When the first Eee PC arrived in 2007, it caused quite a stir, but few would have predicted just how popular netbooks would become.
With models from big names such as Dell, HP, Samsung and Toshiba, there’s no shortage to choose from and it’s quite likely many of you picked one up for Christmas.
Rather than offering powerful processors, long battery life and a wealth of features, netbooks provide modest performance in an ultra-compact chassis.
In this feature, we’ll show you what to look out for when buying a netbook and, once you’ve got one, how to get the most out of it. We’ll also take you through the must-have accessories for any netbook owner.
Given their low prices and small dimensions, it should come as no surprise that netbooks aren’t the most powerful of laptops. But with most models coming in a variety of flavours, there are a number of choices you need to make. I
n contrast to buying a standard laptop, the choice of processor is actually very limited when purchasing.
While fully fledged laptops usually run fast dual-core AMD or Intel processors, netbooks have to be slightly more conservative in order to keep their prices down.
Intel is currently leading the netbook processor charge with its N270 Atom processor.
Based on a 45nm fabrication process and used by the vast majority of netbooks, the Atom is small and relatively power-efficient with a 2.5W thermal design point (TDP).
Its core speed of 1.6GHz isn’t going to win any performance awards, but neither is it particularly slow – it’s powerful enough to cope with what netbooks are intended for.
It's not all about Intel, though, with Via offering its C7-M processor; HP's Mininote 2133 is one netbook that runs off this processor, with a core speed of 1.2GHz.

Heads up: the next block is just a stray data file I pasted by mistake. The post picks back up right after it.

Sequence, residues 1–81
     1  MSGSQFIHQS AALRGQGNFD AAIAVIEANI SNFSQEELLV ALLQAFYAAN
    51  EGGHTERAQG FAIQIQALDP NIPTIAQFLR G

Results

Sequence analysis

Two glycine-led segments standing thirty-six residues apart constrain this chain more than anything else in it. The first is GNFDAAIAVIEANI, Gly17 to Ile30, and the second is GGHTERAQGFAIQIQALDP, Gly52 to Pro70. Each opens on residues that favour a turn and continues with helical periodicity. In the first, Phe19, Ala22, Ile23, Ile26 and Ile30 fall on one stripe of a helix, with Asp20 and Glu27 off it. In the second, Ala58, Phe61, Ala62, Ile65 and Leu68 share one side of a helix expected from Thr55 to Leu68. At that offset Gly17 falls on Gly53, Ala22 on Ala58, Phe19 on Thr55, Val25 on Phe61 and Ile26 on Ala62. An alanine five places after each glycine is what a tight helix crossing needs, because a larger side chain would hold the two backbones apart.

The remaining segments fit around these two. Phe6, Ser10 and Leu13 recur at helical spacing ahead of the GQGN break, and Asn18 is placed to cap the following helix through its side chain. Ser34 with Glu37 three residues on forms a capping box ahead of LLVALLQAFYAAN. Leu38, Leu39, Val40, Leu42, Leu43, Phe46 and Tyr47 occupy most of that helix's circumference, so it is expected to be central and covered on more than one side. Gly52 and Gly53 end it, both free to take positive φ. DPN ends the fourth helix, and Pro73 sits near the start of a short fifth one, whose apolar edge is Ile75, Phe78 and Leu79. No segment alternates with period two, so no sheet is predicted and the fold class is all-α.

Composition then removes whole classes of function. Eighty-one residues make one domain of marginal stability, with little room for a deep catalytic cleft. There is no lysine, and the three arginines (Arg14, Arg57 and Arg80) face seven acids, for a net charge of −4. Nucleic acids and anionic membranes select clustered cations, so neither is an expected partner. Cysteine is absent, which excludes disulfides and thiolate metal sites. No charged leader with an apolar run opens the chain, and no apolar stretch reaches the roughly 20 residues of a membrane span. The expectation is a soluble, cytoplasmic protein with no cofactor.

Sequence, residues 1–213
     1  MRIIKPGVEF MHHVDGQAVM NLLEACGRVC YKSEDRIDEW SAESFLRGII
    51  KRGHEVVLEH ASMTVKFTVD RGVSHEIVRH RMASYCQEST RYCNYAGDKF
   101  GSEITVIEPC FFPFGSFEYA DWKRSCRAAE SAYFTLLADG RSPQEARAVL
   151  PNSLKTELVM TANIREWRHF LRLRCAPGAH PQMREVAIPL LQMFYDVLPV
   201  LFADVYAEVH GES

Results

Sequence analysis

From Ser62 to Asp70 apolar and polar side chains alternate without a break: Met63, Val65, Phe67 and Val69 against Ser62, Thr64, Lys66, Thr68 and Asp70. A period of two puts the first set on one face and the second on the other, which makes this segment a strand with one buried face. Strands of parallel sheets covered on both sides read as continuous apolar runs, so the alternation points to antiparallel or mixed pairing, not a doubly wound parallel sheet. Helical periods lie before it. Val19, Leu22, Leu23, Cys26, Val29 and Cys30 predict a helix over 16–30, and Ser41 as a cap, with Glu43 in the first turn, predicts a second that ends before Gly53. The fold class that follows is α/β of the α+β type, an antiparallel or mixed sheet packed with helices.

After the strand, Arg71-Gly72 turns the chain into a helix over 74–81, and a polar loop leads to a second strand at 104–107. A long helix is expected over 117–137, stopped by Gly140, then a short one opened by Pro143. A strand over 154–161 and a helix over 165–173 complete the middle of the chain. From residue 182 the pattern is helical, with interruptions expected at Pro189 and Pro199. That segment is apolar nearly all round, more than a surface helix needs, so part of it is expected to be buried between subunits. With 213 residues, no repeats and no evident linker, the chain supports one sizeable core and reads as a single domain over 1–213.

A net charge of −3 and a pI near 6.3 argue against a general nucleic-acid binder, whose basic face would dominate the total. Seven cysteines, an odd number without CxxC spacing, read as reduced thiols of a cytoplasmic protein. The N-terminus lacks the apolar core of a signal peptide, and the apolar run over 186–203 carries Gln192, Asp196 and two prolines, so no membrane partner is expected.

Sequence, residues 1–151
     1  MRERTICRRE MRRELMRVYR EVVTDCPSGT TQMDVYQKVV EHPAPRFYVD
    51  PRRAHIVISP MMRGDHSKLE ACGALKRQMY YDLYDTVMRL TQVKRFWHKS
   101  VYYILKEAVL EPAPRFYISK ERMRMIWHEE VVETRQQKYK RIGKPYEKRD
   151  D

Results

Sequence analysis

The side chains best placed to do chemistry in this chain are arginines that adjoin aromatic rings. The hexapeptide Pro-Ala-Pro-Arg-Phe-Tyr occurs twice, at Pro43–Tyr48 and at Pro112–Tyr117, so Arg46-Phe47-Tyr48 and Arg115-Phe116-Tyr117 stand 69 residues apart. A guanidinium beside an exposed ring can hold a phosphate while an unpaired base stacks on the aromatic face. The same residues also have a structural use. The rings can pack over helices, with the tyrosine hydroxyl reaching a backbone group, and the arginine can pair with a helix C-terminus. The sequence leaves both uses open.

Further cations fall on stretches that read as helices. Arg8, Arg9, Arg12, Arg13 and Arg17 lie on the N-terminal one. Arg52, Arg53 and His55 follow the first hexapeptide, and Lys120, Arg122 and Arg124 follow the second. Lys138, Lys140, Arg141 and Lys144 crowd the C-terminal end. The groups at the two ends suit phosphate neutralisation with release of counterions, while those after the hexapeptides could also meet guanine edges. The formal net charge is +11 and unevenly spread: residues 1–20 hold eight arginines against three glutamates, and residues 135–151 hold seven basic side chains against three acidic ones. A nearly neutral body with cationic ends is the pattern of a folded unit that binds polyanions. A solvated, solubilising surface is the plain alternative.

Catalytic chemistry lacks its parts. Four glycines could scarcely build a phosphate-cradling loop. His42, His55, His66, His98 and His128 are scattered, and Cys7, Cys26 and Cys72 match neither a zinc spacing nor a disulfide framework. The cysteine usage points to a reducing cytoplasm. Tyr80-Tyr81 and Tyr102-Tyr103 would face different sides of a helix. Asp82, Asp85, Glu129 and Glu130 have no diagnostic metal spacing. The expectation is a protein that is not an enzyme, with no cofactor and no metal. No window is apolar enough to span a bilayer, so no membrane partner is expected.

As with most laptops, upgrading the processor on a netbook isn't possible, neither is any serious amount of overclocking.
However, Intel recently revealed plans for its netbook CPU line-up, with 32nm chips expected to arrive in 2010 (click here for more information).
Given the relatively small amount of processing power, most netbooks make do with either 512MB or 1GB of Ram, and if you stick to basic applications it is unlikely you'll need any more.
However, if you start pushing your netbook by multitasking or running memory-hungry applications, you might find it starts to complain.
How easy it is to upgrade the memory will depend on your netbook - some just require a small panel to be removed, others need a bit more work. It's also worth checking whether upgrading the memory voids your warranty; early Asus models had a sticker warning against installing more memory, but the company then bowed to consumer pressure and said the warranty wouldn't be affected.
If you decide your netbook does need a memory upgrade, and you either get the green light from the manufacturer or don't care about the warranty, you should first find out how many Sodimm slots your netbook has.
Many only have one, which will already be occupied. If so, you'll need to discard the current memory and, for example, buy a single 1GB stick to replace it.
It's also important to check the maximum memory supported by the netbook's motherboard. If you have trouble finding this information, try Crucial's Memory Advisor tool at www.crucial.com/uk.